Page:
PROTESTERS: Not my king! GRAHAM SMITH, CEO, Republic: The institution itself is not fit for purpose. MALCOLM BRABANT: Graham Smith runs an anti-monarchy organization whose noisy protests have punctuated King Charles' appearances since he ascended the throne. GRAHAM SMITH: The monarchy is wrong in principle, first and foremost. Most people in this country, 80 percent-plus, believe in democracy, believe in the accountability, equality and so on. And the monarchy stands firmly against those values.
And we shouldn't be putting up with an institution that stands against the values and principles of the rest of the country. PROTESTERS: Not my king! Not my king! MALCOLM BRABANT: This demonstration in Liverpool late last month is a taste of what Republic is planning for the coronation. PROTESTERS: Not my king! Not my king! MALCOLM BRABANT: While, inside Westminster Abbey, one of the most symbolic acts the public won't witness will be the anointing of King Charles with holy oil to symbolize his spiritual status. The Right Reverend Nick Baines is Bishop of Leeds.
RIGHT. REV. NICK BAINES, Bishop of Leeds: I think people confuse this with privilege.
They think he's given this massive privilege. What he's swearing to, as happened with the queen back in 1953, you're taking on a massive responsibility for service. So it's a point where you're saying, actually, I have got to give myself away in order to serve these people. MALCOLM BRABANT: Perhaps the most controversial element of the coronation is the archbishop of Canterbury's invitation to the nation to pledge allegiance to the king and his heirs. NATHAN BLACKSTONE, United Kingdom: It just feels very, very archaic to just sort of be going about with the whole holy anointed kings and stuff like that.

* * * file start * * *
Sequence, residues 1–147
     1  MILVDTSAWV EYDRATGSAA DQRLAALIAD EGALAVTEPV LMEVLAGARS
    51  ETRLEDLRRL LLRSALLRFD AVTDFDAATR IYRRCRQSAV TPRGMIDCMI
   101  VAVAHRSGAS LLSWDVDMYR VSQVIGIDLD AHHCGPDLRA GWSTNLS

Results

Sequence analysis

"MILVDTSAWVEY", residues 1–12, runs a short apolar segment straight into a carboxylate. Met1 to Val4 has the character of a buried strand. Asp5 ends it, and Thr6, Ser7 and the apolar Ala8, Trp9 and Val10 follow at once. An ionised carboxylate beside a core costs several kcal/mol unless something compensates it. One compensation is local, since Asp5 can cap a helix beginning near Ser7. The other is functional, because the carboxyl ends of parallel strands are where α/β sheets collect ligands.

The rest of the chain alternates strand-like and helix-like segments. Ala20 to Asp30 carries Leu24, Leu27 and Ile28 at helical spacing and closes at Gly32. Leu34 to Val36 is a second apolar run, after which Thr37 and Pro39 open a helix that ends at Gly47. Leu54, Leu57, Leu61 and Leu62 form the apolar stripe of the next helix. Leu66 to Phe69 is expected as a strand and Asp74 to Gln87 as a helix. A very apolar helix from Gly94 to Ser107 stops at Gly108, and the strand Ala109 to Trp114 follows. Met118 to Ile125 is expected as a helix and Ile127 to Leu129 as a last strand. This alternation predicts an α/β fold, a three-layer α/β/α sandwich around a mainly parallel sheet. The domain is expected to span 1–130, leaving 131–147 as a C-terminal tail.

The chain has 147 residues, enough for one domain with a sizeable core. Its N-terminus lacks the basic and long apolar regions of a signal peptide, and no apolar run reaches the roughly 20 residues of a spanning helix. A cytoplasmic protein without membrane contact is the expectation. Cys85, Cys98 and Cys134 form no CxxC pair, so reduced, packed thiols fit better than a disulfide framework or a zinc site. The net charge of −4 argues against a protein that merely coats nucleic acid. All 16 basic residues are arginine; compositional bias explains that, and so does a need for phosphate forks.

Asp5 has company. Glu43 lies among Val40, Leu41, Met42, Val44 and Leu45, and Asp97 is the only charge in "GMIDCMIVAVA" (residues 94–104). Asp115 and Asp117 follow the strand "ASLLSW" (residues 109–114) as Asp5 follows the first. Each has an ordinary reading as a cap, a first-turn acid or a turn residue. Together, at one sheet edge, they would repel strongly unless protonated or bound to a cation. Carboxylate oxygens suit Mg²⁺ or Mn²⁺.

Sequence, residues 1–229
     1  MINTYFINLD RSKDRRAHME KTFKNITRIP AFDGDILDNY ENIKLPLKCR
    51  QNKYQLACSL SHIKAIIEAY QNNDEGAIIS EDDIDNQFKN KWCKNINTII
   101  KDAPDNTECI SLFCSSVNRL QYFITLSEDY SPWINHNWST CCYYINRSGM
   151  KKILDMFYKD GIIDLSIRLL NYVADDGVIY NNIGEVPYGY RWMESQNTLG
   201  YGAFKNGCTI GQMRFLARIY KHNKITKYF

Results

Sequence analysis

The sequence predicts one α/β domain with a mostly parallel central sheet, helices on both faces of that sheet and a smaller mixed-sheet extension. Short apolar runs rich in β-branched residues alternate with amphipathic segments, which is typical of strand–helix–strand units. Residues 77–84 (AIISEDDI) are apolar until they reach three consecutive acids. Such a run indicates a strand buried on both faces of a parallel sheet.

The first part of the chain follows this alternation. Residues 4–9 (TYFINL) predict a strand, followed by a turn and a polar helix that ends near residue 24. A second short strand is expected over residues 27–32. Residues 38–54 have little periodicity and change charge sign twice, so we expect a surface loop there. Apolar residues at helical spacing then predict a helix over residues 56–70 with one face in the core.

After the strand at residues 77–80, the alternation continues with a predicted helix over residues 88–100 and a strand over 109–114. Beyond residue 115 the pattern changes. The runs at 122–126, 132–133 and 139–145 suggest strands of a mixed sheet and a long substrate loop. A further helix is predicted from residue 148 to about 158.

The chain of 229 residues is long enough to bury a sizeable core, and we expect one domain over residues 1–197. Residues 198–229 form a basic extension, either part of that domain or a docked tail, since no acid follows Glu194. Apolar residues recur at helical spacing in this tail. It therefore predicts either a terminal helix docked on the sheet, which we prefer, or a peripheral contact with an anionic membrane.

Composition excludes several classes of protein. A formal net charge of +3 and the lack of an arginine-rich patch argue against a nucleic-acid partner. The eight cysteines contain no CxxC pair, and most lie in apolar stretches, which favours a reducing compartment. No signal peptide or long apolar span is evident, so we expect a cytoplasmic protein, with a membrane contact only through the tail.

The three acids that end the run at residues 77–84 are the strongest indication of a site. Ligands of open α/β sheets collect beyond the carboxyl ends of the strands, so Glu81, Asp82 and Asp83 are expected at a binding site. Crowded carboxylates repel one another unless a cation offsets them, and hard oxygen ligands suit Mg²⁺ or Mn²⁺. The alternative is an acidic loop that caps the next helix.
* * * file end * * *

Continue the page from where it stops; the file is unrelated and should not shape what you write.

It just feels very backwards. AMY BENNETT, United Kingdom: To me, personally, I just think it's a bit laughable. I think they're so out of touch and so kind of beyond the commonality of people, that they think that that is like something that we're just going to soak up and just going to do without questioning it. When, actually, you say that to people, you say that to me, and I will just be like -- like, obviously, I'm not going to do that. Like, it just seems stupid.
But it shows how out of touch they are. MALCOLM BRABANT: Out of touch or not, Saturday's pageantry will reinforce the appearance of a land of hope and glory, even if the monarchy is less revered under King Charles III. For the "PBS NewsHour," I'm Malcolm Brabant in Southern England. GEOFF BENNETT: And you can watch our coverage of the coronation of King Charles III on PBS and also streaming on the "NewsHour" Web site starting very early in the morning, 2:30 a.m. Eastern. The ceremony begins at 6:00.
And be sure to tune into "Washington Week" later tonight here on PBS. And watch "PBS News Weekend" tomorrow for a conversation on living with COVID, as health emergencies come to an end. And that is the "NewsHour." I'm Geoff Bennett. Have a great weekend.